Thinking About Non-Terrestrial Life

So, I got roped into watching the movie Alien today.

By roped in I mean that I noticed that it was on and immediately turned to the channel while bouncing up and down in my seat. I love the Xenomorphs from the Alien series (although I don’t necessarily love all of the movies).

A bit of history to explain. I was afraid of the titular Alien before I even saw the first Alien movie. My best friend growing up had an older brother. Older brother had the upstairs attic bedroom. In the upstairs attic bedroom he had a lot of cool posters and stuff. One of these was a life sized (around 7 feet tall) cardboard standee of a Xenomorph that glowed under black light. For a while it was in his closet/crawl space. To access this you had to remove a panel from the wall and kind of duck walk in. It wasn’t until after I had seen Captain Dallas doing exactly that in
Alien that I understood why he set it there. All I knew was that it was creepy as Hell. After he realized how scared we were of it, he moved it to the top of the stairs. I think this was an effort to keep us out of his room and his comic book collection.

Anyhoo, all of this has got me thinking about life beyond our planet and the books, movies, and television programs (especially the latter two) in which we have vicariously encountered (pun intended) them. I have always been interested in space exploration. I even went so far as to want to be an astronaut (a dream that was quashed when I discovered how much
math was involved). I learned astronomy and got really good at picking out the stellar objects which I could make out in the light polluted area in which we lived.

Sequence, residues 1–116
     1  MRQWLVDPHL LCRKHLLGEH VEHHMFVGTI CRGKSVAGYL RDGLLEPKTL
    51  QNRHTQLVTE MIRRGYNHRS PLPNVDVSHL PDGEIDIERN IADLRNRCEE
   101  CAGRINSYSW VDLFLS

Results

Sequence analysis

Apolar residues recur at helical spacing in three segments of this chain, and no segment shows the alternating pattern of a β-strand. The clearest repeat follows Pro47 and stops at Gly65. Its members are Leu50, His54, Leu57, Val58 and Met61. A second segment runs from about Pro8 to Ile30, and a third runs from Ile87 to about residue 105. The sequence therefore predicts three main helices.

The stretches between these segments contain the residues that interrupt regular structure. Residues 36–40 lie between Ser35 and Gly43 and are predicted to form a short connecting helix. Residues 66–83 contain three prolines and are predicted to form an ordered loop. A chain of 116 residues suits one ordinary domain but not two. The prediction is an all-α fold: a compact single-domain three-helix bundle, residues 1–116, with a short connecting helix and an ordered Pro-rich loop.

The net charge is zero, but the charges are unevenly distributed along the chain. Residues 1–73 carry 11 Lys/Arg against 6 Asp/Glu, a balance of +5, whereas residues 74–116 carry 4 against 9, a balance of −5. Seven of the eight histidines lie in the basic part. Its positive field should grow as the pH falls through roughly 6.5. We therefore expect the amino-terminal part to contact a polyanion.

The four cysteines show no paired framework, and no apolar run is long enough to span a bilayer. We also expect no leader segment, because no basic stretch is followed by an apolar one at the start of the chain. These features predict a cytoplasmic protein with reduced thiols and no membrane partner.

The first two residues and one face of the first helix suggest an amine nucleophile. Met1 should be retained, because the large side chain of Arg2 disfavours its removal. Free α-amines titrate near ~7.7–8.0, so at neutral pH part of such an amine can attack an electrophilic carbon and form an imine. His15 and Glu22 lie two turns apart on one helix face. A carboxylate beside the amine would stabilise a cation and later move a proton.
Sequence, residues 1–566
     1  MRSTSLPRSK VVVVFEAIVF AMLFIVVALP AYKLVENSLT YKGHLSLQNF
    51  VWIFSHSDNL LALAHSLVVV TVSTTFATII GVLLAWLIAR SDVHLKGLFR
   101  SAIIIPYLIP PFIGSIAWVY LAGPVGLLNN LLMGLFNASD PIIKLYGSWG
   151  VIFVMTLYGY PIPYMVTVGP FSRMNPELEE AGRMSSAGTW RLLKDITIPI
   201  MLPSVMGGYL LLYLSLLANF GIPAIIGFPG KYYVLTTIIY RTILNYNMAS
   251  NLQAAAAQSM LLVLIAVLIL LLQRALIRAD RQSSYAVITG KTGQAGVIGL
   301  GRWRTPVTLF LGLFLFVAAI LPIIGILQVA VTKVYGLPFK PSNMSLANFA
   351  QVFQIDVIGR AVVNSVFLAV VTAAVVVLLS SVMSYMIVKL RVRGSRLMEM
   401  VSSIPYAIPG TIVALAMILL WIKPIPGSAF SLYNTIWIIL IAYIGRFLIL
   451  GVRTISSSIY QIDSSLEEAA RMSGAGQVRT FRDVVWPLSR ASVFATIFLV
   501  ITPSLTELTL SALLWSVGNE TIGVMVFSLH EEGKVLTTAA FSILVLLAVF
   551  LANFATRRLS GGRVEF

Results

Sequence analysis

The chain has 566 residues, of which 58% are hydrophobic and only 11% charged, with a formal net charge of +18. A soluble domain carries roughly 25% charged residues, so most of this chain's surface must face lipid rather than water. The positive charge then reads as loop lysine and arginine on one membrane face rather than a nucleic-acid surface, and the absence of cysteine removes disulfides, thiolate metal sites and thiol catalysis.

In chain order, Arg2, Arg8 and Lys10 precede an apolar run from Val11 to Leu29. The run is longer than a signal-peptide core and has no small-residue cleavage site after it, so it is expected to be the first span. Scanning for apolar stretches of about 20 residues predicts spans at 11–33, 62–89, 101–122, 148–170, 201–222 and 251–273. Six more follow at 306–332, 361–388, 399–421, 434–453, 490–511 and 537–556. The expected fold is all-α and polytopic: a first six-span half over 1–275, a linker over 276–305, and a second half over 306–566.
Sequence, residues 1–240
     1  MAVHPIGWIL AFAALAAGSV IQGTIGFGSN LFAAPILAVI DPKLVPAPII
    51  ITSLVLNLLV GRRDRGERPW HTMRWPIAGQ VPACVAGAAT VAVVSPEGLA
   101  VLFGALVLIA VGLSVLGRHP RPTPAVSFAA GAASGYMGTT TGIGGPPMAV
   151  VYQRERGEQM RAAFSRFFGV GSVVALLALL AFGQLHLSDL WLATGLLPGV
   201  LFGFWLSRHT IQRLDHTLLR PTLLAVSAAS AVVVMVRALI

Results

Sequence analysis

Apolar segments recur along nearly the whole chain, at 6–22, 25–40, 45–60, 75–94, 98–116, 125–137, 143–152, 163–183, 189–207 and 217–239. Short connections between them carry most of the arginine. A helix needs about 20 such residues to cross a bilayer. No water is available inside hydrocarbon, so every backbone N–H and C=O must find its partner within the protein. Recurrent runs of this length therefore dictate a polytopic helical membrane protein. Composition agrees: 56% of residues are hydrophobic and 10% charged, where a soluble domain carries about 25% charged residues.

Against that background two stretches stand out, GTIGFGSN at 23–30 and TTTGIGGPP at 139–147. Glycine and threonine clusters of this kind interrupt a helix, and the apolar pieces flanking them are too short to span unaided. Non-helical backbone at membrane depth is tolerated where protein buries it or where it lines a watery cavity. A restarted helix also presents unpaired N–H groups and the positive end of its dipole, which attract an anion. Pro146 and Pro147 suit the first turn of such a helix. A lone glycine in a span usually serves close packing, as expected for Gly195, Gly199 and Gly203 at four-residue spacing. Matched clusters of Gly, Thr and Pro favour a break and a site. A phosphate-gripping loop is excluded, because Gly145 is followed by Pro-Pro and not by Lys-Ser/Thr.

At some point in my life my mental wanderings migrated towards conspiracy theories. I have always loved the infinitely regressive argument which arises when people discuss Area 51/Groom Lake/Dreamland. One person will say that the entire UFO phenomenon was created as a governmental cover-up to hide their advanced weapons and vehicle programs. They will quickly point out that the triangle shapes seen in the sky by many observers turned out to be the B-2 Bomber, the F-117 Nighthawk, and the F-22 Raptor. The flying wing design of the stealth aircraft, the opposing individual will argue, is obviously reverse-engineered alien technology. The military experiments, are actually the cover-up for what is really going on, experiments using captured alien technology or tech which was made readily available to us by aliens which the government is in cahoots with.

But I digress. All I am trying to point out is that I have been interested in the possibility of being visited by non-terrestrial life for quite a while. Whether or not those life forms would prove friendly is another story.

Earlier today I posted a question on the
Zukerberg Experiment. I asked what people thought the ratio of friendly to indifferent to hostile aliens in the movies and TV was. My first inclination is to say that most movie aliens are hostile. Either they are pissed at us for moving into their territory or they come to earth because they want our precious resources.1 However, the more I thought about it, the more I questioned this. If you factor in television, you get a whole slew of extra-terrestrial species who couldn’t give a tinker’s damn about us (Star Trek). Then you have those who are unaware of us, but who upon learning of us decide that it might be kind of cool to take over the planet (Farscape).

Obviously, there are almost as many alien races from movies and television as there are stars in the sky.
2 Which leads naturally to the question of why are they so popular?

I can only answer for myself, but I would have to say that part of it is the allure and the wonder of exploration. At heart I have always wanted to be an explorer of one type or another (other childhood dream jobs were Oceanographer and Archeologist/Paleontologist). The idea of being able to cast off the shackles of the Earth and explore the entire universe is enchanting. If we are being visited, my theory went, then that means we might be able to accomplish the same thing. All of the movies in which aliens traverse space to reach Earth, even if it was in an attempt to conquer the planet, gave hope to that desire.